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one-person shop issues in international business. she has global clients around the world that she serves. the impact for small business is figuring out how to buy one, 21, too, three-person shop and comply with a bit of a patchwork of regulation. a second part has been a work in progress. we still figure out which version of gdp are to get specific. there have been letters and advice from the article xxix working party to lay out certain things you need to do. those aren't actually part of a decision yet. for a lot of our members, what do i need to comply with? how do i do it? most importantly, how do i communicate to my users whether they be based in the united states, europe or somewhere else entirely. right now we are trying to work through the elements of gdpr
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from the client perspective. what i do like is it's an attempt to establish a new dialogue between the people who collect data and the people they collected data from. in a sense, that part of it come in the aspirational side of gdpr is something my numbers all embracing. the part we need to figure out how we manage is okay, that sounds great. had i put into practice, how do i comply? >> are they grappling with practical uncertainties? do you see members pulling away from europe or avoiding the market or how did they approach this question? >> unfortunately yes. i need to live and let the dust settle into some of us go through process. although one of the bigger guys take the error first to figure out how to do it. for the most part, members have been finding the best way to comply, especially in terms of
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communicating with their users. i think that gets to one of the core problems. a roomful of privacy professionals will all nod knowingly and stroke their chins about how things are. we've done a lot of user testing. the way they want the information is very different. i would guess pretty much everyone looking at me through the camera right now has been getting an e-mail flood of gdpr notices. i'm also certain those people have not read their e-mail box full of gdpr notices. that tells me we're not doing a good job communicating with the user. that's part of a need to fix. >> what does a solution to that look like? >> we've seen some good first attempts. apple kind of led the way with just-in-time notification. in other words, instead of handing you a 14 page document that tells you the possible uses of your data, and the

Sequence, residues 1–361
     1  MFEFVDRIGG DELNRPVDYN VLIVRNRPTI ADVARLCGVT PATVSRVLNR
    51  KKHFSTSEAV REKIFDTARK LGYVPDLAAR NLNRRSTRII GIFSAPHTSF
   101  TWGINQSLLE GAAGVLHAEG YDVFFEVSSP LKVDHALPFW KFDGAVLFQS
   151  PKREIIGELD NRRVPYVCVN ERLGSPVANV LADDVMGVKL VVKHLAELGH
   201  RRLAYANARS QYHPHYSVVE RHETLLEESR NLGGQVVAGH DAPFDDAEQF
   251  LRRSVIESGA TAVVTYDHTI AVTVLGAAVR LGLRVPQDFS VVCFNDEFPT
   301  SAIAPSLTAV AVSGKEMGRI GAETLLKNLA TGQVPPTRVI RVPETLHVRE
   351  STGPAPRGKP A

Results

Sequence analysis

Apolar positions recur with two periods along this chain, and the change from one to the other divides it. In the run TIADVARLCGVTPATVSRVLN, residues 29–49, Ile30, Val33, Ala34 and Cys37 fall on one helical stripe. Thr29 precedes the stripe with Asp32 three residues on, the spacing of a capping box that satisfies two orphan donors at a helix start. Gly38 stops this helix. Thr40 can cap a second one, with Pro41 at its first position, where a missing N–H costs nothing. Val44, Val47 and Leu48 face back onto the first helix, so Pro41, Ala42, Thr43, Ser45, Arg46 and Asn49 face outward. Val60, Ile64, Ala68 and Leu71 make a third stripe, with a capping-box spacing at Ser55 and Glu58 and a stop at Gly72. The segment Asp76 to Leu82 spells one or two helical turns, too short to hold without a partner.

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just-in-time notice on your phone when you get the pop-ups that says this application would like access and it does it at the moment. or your microphone or data. not early, not late, but asks you at the time we are most likely to care. just at the time it impacts you. that has been a big change. elements like the purple triangle that tells you when location is turned on. little notices and using a lot of feedback, human feedback to engage with you where you are rather than where your lawyer is. >> we saw california lawmakers test this month has seen a consumer privacy law in that state. what is your take on the approach they took which has similar days to gdpr and the idea the states are starting to now regulate this. they think they find privacy important. as i create a problem for app